Best Practices: Manage Cash Flow

World Bank: Egypt's GDP, non-oil cash flows could grow significantly





Today, high quality of service has replaced low price as the standard when companies shop for banks to support their cash management business. And banks offer automated processes such as payroll and accounts payable along with electronic data interchange (EDI), making outsourcing affordable and secure from theft. Companies also consolidate their accounts, using fewer banks. This way they can rely on these selected few banks as partners but are not dependent on a single bank. When shopping for a banking partner, companies review cash management needs thoroughly by gathering input from all departments the bank may affect, examining how well current banking needs are met, and spelling out expectations for meeting future needs. Because the information systems that link banks and companies are so complex, once the choice is made, changing banks can be costly.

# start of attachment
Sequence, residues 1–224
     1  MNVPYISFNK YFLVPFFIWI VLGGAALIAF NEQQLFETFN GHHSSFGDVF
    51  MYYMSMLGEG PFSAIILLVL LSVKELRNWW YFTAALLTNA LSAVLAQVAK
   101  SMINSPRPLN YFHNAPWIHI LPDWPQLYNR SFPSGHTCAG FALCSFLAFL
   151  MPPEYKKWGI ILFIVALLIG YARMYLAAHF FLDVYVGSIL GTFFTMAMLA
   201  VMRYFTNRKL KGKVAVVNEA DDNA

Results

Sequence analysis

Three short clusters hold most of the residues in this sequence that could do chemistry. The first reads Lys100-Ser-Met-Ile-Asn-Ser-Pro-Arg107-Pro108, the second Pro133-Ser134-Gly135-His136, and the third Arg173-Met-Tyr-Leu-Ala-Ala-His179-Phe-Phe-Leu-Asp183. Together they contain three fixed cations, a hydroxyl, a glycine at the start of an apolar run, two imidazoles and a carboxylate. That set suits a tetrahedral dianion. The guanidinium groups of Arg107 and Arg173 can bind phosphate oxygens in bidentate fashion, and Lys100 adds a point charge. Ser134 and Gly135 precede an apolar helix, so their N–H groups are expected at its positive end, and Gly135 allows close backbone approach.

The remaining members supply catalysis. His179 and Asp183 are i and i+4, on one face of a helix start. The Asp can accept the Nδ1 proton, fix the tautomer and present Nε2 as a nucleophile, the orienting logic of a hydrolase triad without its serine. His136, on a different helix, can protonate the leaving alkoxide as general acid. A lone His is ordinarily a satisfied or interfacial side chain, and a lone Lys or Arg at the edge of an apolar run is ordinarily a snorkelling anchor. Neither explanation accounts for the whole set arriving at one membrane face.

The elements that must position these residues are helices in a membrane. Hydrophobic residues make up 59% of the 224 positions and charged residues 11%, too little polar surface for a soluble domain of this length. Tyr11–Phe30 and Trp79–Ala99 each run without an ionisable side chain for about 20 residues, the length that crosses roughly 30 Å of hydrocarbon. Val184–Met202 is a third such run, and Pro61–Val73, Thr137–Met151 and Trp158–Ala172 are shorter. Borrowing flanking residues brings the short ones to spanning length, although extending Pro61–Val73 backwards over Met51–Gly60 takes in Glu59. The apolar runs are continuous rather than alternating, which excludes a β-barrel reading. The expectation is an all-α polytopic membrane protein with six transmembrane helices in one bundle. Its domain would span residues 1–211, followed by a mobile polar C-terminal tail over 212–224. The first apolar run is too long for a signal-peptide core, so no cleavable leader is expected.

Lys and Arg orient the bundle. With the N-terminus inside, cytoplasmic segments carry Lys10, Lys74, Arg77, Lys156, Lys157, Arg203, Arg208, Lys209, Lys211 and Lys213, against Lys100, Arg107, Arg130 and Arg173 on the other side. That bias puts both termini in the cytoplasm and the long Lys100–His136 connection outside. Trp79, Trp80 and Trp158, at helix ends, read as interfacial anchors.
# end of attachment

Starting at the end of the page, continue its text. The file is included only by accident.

In its new report, Global Development Horizons 2013, the bank predicted that Egypt's attempts to implement sound macroeconomic policies would lower the risks faced by investors and increase private investment flows to Egypt. The report added that cash flows from non-oil economic activities would rebound once political tensions subsided, but also cautioned that the strong gains in Egypt's tourism sector had not yet brought its income up to 2010 levels. The World Bank anticipated that the approval of an IMF loan of US$4.8 billion dollars in 2013 would open the door The Elevation Group to the flow of additional aid from other donors, whether bilateral or multilateral, which would largely enhance and improve Egypt's foreign exchange reserve in 2013. The report said that the planned reduction of fuel subsidies and tax reforms would cause the financial situation to significantly improve and would provide resources to the private sector.